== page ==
When IHG swallowed Kimpton, I wrote:
“I want to be an IHG Rewards Club Platinum” said no Kimpton elite member, ever.
Conventional wisdom is that Starwood is going to do a deal, and the most likely candidate is IHG. Some say Starwood could buy IHG. I could see IHG buying Starwood. IHG is the bigger hotel chain, though Starwood’s market cap is much higher (nearly $15 billion versus ~ $10 billion).
Starwood has struggled to generate growth and Wall Street isn’t happy. Fundamentally that’s why their CEO Frits van Paasschen was out in February.
- The Sheraton brand, which they’ve just announced investments in, is a mess — it doesn’t signal much about the property you’re going to visit, other than a good bed. The quality is all over the map in most of the world (although generally excellent in Asia).
- Everyone wants a lifestyle brand, and Starwood has a pioneering one in W… that’s hardly growing.
- They hadn’t introduced a new brand in about 8 years, and none of the most recent ones have been engines of growth. Their new Tribute brand is likely to add about 1% growth per year — if it meets expectations.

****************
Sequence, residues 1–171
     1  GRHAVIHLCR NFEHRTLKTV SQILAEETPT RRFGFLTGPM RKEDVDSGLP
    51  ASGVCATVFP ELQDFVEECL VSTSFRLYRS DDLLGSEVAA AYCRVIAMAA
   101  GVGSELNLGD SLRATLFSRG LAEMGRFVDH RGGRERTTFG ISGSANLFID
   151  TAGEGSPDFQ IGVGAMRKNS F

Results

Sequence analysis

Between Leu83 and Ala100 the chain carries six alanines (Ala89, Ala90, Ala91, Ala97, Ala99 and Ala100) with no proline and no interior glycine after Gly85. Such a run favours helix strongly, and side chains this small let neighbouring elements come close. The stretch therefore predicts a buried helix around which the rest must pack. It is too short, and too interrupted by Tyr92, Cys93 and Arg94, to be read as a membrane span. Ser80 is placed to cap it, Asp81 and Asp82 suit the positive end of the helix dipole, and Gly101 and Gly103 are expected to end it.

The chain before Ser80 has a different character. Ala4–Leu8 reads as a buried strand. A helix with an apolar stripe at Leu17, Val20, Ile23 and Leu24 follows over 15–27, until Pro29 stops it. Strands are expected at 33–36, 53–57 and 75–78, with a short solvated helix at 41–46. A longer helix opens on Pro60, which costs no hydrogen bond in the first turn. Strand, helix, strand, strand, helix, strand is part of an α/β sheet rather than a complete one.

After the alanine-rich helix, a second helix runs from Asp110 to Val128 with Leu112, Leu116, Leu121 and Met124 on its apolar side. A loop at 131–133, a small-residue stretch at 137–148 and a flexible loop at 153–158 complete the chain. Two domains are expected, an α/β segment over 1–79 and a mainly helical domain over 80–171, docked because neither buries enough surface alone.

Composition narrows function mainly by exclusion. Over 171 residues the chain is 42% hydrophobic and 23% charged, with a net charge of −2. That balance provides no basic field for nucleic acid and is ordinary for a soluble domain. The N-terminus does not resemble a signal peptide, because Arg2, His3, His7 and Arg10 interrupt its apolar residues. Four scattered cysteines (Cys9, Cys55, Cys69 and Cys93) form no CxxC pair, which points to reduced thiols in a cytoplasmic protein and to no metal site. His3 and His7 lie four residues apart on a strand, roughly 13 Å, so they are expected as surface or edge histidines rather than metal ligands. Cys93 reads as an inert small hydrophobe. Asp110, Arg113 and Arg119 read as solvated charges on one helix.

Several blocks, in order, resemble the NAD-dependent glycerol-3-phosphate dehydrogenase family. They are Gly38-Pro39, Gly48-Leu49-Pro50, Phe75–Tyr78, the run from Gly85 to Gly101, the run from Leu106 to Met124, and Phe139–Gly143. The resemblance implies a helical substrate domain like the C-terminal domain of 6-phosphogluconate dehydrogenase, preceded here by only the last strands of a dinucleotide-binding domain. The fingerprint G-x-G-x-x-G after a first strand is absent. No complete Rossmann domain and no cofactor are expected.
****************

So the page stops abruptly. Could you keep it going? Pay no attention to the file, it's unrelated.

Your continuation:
Westin is a consistent, quality brand. St. Regis is for the most part but theirs isn’t a segment that’s going to drive growth either.
IF Starwood is going to grow, and as a public company that’s certainly the impetus, it needs to buy someone else (but not overpay!) or get acquired.
They’ve retained mergers and acquisitions advisors. Most of the talk has been marrying Starwood and it’s strength in luxury with a chain that focuses predominantly on lower-scale hotels (like IHG, Wyndham).
My own view is that short-sightedly an IHG or Wyndham deal would excite investors but could be a real mess, with a mess of a customer-facing loyalty program integration (IHG properties have little brand consistency overall in my view) or a bifurcated program which only serves to confuse consumers and limit synergies.
As a customer I certainly would have been happier had Starwood acquired Kimpton (though that wouldn’t be a game changer for them, as it won’t be for IHG) or for that matter if Hyatt had (which had been interested, but wouldn’t pay what IHG ultimately offered).
Whatever deal does or doesn’t happen – and one imagines that a deal of some kind is more likely than not – I’d say that:
- In the near-term little will change
- Over time the surviving entity will take over and integrate the other chain into its processes.
- Consumers will make out fine if it’s Starwood that survives. Whatever chain takes over Starwood will likely lose many of its customers, though existing members will be happy to have Starwood’s footprint at which to redeem their points.